Posts Tagged ‘fiction’
September 1, 2015 | by The Paris Review
I like the idea of writing a poem I could have written thirty years ago. I’m the factory. My writing fears manifest more on the order of my inability to stop being Eileen Myles. I guess I don’t worry about my poems so much. I worry about me.
Myles also shares a few of her favorite artworks in our portfolio.
And our managing editor Nicole Rudick discusses the Art of Fiction with Jane Smiley:
One of the things I love about novels is that, in addition to offering good stories and having ideas about how the world works, they’re also artifacts about the details of the time in which the author lived … I would imagine somebody in a hundred years reading one of my novels and going, Are you shitting me? The shingles were going the wrong direction? Or, What are shingles?
There’s also one of James Salter’s final lectures; new fiction from Ottessa Moshfegh, Patrick Dacey, and Deborah Eisenberg; the second installment of Chris Bachelder’s novel The Throwback Special, with illustrations by Jason Novak; poems by Ange Mlinko, Eileen Myles, Michael Hofmann, Stephen Dunn, Kevin Prufer, Geoffrey G. O’Brien, Nathaniel Mackey, and Linda Pastan; and an essay by Robert Anthony Siegel.
August 25, 2015 | by The Paris Review
This November, we’re publishing our first anthology of new writing in more than fifty years. The Unprofessionals: New American Writing from The Paris Review features thirty-one stories, poems, and essays by a new generation of writer. It’s a master class, across genres, in what is best and most alive in American literature today.
Take a look at the cover and you’ll recognize names such as John Jeremiah Sullivan, Atticus Lish, Emma Cline, Ben Lerner, and others who have become emblematic of a renaissance in American writing. Although these are younger writers, already any history of the era would be incomplete without them. At a moment when it’s easy to see art as another product—and when writers, especially, are encouraged to think of themselves as professionals—the stories, poems, and essays in this collection have no truck with self-promotion. They turn inward. They’re not afraid to stare, to dissent, or even to offend. They answer only to themselves.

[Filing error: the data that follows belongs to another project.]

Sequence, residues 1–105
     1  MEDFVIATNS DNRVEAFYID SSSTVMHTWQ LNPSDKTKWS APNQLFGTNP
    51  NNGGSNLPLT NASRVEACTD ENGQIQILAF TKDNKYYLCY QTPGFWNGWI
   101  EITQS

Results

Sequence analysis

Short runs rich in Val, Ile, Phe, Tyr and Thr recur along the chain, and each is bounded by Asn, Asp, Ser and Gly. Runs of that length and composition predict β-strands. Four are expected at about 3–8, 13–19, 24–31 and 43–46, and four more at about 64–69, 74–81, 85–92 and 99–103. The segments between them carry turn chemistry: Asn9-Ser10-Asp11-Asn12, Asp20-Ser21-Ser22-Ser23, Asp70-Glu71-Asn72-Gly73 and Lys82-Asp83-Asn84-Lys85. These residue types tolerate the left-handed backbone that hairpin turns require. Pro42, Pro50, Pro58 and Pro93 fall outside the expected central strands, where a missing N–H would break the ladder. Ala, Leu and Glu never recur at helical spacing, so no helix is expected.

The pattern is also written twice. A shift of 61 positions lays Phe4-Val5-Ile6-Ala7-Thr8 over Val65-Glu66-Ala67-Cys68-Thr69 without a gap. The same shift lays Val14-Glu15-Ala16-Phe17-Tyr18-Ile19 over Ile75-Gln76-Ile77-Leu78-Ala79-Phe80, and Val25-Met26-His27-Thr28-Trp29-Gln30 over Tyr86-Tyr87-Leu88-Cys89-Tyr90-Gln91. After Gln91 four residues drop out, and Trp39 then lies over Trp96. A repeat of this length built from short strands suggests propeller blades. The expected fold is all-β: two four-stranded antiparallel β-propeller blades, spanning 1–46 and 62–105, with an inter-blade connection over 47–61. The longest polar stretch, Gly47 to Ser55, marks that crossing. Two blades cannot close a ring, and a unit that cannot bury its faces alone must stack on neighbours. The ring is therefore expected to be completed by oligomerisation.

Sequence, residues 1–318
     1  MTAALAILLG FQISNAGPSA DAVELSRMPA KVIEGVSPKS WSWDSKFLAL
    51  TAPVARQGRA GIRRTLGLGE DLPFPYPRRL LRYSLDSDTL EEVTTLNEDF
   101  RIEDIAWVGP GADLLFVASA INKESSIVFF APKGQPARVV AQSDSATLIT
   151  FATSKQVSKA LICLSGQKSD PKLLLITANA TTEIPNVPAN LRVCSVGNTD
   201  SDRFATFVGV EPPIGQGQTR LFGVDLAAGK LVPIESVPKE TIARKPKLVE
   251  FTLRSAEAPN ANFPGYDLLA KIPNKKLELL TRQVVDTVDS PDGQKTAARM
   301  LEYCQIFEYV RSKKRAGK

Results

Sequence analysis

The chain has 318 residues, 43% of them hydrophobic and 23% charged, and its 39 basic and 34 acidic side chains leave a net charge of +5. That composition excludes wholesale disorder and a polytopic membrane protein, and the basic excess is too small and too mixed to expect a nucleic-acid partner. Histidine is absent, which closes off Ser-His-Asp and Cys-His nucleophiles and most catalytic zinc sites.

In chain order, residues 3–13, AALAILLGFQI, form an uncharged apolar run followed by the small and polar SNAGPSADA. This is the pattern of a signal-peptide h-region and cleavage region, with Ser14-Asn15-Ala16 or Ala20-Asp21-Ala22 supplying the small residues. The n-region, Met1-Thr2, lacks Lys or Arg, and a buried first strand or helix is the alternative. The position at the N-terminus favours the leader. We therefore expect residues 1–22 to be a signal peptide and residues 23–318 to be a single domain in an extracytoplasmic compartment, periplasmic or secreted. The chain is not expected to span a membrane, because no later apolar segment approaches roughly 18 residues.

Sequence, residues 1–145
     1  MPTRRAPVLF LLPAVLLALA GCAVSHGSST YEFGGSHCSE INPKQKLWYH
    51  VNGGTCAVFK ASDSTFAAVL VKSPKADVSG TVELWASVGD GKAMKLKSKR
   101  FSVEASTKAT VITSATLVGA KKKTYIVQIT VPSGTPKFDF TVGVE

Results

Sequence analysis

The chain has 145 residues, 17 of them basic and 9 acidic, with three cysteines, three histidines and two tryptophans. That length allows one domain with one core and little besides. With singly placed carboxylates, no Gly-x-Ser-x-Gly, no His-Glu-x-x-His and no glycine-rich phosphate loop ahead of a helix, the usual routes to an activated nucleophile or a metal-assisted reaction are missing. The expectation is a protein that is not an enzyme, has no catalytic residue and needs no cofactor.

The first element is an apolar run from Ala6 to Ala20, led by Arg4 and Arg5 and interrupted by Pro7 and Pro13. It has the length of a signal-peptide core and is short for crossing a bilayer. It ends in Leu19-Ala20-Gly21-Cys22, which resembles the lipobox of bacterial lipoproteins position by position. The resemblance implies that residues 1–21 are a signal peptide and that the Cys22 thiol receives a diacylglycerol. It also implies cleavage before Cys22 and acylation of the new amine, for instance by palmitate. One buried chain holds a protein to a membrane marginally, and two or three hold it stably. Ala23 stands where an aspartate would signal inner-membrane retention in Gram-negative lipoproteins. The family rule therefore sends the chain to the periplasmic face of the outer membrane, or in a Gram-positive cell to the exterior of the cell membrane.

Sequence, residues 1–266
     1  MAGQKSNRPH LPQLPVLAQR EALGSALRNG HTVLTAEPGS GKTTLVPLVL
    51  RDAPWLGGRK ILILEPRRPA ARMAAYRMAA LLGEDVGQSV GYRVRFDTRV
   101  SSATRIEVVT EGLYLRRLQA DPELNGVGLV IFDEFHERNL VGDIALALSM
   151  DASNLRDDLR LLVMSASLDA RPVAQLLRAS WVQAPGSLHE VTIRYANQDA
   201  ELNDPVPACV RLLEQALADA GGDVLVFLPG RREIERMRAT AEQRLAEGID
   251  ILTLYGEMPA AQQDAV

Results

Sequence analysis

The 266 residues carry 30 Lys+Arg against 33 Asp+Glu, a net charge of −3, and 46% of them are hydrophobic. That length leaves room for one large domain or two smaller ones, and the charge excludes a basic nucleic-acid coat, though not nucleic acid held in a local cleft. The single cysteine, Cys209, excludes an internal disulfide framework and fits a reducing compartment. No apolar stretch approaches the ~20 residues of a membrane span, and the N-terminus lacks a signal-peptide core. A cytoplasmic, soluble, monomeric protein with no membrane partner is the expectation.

In the coming months, we’ll reveal more about the anthology, which Akhil Sharma calls “the best possible introduction to the best literary magazine we have.” Stay tuned!
August 17, 2015 | by Scott Esposito
I’ve gotten accustomed to talking about the “Clarice Lispector tidal wave.” For weeks on end, I’ve scarcely been able to go online without seeing Lispector, who died in 1977, raved about, serialized, reviewed, discussed, or marveled at.
The occasion for this outpouring of attention is the publication of The Complete Stories by Clarice Lispector, translated by Katrina Dodson and edited by Benjamin Moser. But this story goes back much further, at least to 2009, when Moser published his biography of Lispector, Why This World. Since then, we’ve seen a remarkable resurgence of interest in the author, whom many consider to be among the best Brazil ever produced, and one who is often compared to Virginia Woolf. Why This World was followed by Moser’s translation of Lispector’s final novel, The Hour of the Star, and then new translations of four of Lispector’s major novels, each by a different translator.
With The Complete Stories upon us, I asked Moser why Lispector is worthy of all this effort, what makes the new book such a monumental publication, and what’s next for the Brazilian author.
Let’s begin with a very basic question—why Lispector?
Sometimes you meet someone in a bar and end up in bed after a few drinks. And sometimes you wake up and look over at the person snoring by your side and gasp and say, What was I thinking? But other times that person turns out to be the love of your life. With Clarice, I certainly had no idea that our relationship would be as long or as intense as it turned out to be. Writing her biography taught me about her life, introduced me to her world, her country, her friends. Translating her books brought me into her mind on the molecular level where the translator has to work. And the better I got to know her, the more my love deepened. Read More »